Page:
Phantom Review

Category: Phantom of the Opera Reviews | Posted by: admin
Article Date: September 30, 2004 | Publication: Ain't It Cool News | Author: Review
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On Tuesday night I was lucky enough to attend a free advance screening of the soon-to-be-released "Phantom of the Opera" in Denver, Colorado; supposedly we were the first audience in the world to see it. Like I haven't heard that one before; "You're the only one, I swear!" But I digress.

I'm not a huge fan of the Broadway show. I like it, I enjoyed it when it came to town, but I'm not a mega-fan. But I loved the movie.

It stays remarkably close to the stage version. Anyone who has seen it live knows that the overture is one of the most electrifying moments of the night, and I was a little worried as to how that would translate to the screen. I had nothing to worry about: It's every bit as thrilling on screen as it is on stage.

The prologue takes place in the 1920s, after the Paris Opera House's heyday, and it is shot in grainy black-and-white. When the chandelier is lit and starts to rise, the overture blares over the speakers and the screen comes alive with color as the Opera House is restored to the beauty and opulence of its glory days. All the trappings of the live show are there: The boat ride to the Phantom's lair, the candles that rise from the water, Christine's trip through the looking glass.

Fans of the musical won't be disappointed. With the exception of one brief number ("Notes #2", which I didn't miss at all), every song remains intact, and the score is every bit as lush as the original London cast recording. There have been rumors floating around that Andrew Lloyd Webber wanted the score to be more classical and got rid of the techno-synth sounds that make it so distinctive. Well, it's not true. The techno-synth is here to stay! One new song, "No One Would Listen," was not in our screening, but they could put it back in later. I didn't even know there was a new song until I started talking to people.

Gerard Butler and Emmy Rossum are excellent as the Phantom and Christine. They beat the living hell out of Michael Crawford and Sarah Brightman. Butler never gets whiny, as so many Phantoms have, and he performs his songs with an almost primal growl in his voice. Plus, he's damn hot. DAMN hot. Rossum has a beautiful, clear soprano, and absolutely no nasally head notes (Ms. Brightman could take a lesson from this kid). As Raoul, Christine's love interest, Patrick Wilson does a good job in what is pretty much a fluff role, and has a great voice. He also duels with Butler in a seriously awesome swordfight. Of all the actors, I was least impressed with Minnie Driver, playing resident diva Carlotta Giudicelli. She was over the top, but it's how the role is supposed to be played, I guess. I just didn't really like it.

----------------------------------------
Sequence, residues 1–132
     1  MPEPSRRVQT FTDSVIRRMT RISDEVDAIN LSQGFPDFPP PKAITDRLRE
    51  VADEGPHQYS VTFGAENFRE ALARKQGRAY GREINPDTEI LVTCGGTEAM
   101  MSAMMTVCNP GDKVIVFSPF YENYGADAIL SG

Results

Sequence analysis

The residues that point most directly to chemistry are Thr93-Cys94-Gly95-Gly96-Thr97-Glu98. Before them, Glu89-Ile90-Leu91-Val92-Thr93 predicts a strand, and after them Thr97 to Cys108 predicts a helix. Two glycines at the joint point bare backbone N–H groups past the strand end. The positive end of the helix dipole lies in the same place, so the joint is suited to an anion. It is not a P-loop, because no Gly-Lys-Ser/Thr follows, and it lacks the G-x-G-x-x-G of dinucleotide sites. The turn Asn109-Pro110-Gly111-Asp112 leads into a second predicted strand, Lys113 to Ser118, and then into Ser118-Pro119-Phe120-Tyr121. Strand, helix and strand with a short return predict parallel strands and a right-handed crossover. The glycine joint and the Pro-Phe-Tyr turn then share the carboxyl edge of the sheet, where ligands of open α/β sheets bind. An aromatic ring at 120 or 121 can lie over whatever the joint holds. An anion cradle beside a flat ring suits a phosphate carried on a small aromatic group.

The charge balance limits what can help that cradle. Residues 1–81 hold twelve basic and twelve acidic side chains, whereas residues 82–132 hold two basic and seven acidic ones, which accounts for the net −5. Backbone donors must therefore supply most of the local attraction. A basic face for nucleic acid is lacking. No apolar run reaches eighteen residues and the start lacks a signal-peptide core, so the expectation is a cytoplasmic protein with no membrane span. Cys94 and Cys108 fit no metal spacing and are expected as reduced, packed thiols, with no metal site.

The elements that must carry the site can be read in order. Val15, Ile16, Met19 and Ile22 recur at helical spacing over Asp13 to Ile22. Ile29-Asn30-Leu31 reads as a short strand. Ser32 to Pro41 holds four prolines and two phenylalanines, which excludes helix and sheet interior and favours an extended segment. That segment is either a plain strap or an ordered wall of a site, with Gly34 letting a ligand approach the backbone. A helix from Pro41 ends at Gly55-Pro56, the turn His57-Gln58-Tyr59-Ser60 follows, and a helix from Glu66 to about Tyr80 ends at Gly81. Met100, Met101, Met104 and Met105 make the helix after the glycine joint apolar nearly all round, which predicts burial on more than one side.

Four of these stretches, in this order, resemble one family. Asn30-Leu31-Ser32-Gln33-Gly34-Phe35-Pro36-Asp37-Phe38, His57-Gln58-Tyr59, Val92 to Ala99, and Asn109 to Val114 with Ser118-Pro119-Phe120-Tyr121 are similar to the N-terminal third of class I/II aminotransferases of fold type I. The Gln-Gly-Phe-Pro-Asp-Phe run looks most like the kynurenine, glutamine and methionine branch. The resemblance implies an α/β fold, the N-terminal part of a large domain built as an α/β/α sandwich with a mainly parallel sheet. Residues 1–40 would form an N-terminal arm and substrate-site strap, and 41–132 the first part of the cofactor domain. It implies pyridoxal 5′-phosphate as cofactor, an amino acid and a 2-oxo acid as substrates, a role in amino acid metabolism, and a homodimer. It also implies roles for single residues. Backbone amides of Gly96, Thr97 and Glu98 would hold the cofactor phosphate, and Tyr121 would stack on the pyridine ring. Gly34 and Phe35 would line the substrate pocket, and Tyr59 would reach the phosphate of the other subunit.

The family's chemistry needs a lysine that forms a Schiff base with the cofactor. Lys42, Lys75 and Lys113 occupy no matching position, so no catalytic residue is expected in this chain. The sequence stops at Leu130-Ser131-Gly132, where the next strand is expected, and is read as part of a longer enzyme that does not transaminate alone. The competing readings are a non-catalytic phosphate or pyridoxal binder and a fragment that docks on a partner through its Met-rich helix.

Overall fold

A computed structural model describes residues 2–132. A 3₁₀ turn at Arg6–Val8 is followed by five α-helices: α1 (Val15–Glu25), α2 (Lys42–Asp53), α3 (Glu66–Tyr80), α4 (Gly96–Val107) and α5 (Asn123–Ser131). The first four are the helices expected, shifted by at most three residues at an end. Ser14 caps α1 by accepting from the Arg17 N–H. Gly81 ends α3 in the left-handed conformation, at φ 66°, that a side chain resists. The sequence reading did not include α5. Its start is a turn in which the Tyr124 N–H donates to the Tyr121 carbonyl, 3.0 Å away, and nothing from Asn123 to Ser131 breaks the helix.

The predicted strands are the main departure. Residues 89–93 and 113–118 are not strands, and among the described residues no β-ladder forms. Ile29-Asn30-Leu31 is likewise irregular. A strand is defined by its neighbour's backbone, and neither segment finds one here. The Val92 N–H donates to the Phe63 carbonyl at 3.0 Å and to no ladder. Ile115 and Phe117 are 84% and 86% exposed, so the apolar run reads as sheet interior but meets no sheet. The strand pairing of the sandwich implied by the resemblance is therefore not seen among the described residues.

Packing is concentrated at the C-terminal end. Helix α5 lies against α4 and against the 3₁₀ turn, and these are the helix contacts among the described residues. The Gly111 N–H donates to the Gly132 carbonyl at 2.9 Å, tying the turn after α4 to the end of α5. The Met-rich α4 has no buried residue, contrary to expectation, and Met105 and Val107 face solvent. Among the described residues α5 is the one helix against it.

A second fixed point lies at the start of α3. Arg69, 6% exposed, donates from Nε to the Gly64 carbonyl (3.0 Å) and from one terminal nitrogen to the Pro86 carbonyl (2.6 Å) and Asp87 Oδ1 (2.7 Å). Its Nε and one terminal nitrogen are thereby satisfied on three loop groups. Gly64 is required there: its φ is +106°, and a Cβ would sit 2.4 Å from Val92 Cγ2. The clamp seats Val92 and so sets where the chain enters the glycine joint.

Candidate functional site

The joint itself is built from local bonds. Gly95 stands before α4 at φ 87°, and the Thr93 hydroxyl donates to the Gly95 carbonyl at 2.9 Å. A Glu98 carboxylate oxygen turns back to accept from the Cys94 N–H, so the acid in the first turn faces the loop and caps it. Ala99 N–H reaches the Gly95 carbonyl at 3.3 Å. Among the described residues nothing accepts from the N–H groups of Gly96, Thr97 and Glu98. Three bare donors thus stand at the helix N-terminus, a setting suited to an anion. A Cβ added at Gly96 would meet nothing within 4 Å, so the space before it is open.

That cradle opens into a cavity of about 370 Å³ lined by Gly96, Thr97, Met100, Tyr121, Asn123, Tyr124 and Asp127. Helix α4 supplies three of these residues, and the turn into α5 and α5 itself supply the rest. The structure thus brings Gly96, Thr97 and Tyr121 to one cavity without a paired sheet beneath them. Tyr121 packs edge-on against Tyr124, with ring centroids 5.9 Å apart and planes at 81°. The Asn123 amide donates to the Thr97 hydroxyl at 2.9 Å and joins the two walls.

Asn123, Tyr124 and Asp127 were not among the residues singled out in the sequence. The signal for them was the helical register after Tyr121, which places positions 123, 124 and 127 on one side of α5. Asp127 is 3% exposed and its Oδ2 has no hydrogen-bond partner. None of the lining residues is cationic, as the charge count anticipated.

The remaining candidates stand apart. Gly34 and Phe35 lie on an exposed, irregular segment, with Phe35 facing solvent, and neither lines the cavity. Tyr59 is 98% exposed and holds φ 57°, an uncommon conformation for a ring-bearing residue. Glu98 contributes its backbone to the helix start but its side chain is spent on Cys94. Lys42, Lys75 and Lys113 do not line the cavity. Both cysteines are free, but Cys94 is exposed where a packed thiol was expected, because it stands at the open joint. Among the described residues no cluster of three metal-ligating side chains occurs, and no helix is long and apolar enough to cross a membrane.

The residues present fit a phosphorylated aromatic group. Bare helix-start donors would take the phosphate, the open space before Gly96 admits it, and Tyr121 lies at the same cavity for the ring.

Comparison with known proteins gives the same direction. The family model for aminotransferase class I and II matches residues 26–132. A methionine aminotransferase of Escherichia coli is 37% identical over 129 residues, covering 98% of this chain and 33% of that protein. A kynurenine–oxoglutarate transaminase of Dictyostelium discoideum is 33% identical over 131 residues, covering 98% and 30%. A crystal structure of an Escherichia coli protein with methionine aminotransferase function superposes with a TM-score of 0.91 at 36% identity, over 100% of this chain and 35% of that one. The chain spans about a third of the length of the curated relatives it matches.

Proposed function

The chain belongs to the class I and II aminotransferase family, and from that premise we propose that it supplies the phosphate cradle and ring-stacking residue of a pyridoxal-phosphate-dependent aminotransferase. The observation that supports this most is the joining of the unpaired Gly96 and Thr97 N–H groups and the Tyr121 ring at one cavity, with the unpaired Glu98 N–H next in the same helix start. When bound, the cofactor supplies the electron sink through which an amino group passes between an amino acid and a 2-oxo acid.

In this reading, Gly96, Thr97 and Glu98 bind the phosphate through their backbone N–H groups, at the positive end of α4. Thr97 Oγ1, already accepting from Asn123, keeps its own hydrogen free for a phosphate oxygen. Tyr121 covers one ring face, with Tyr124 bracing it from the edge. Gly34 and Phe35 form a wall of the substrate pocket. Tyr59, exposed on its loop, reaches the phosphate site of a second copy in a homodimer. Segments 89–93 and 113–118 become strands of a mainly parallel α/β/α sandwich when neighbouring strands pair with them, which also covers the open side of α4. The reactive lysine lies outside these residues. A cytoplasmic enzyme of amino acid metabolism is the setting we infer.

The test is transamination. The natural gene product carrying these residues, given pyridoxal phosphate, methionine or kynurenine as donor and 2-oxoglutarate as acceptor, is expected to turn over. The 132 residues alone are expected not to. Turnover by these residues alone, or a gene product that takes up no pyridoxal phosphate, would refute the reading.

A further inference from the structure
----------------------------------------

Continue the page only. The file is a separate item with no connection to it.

PIcking a favorite scene is like eating one cookie: It's impossible. But one of my absolute favorites was "Past The Point Of No Return," when the Phantom seduces Christine onstage during his opera. It's a tango-like number, and so hot you can practically hear sizzling coming from the screen. Listening to it, you're sorely tempted to rip your clothes off and find a makeout partner as soon as humanly possible.

The only number that I thought fell flat was "Masquerade," a highlight of the stage production. The stage version has the ensemble dressed in wildly imaginative and colorful costumes, while the film's version costumes most of the revelers in black and white, letting only the principals wear the really astounding costumes.

If you're fan of the musical, you'll love it. If you liked such movie musicals as "Chicago" and "Moulin Rouge," you'll enjoy this. Even if you're not a musical fan, I'd recommend it. A friend I went with who hates musicals said, "It was all right." From him, that is glowing praise for a musical. As for me, I simply can't wait until December to see it again.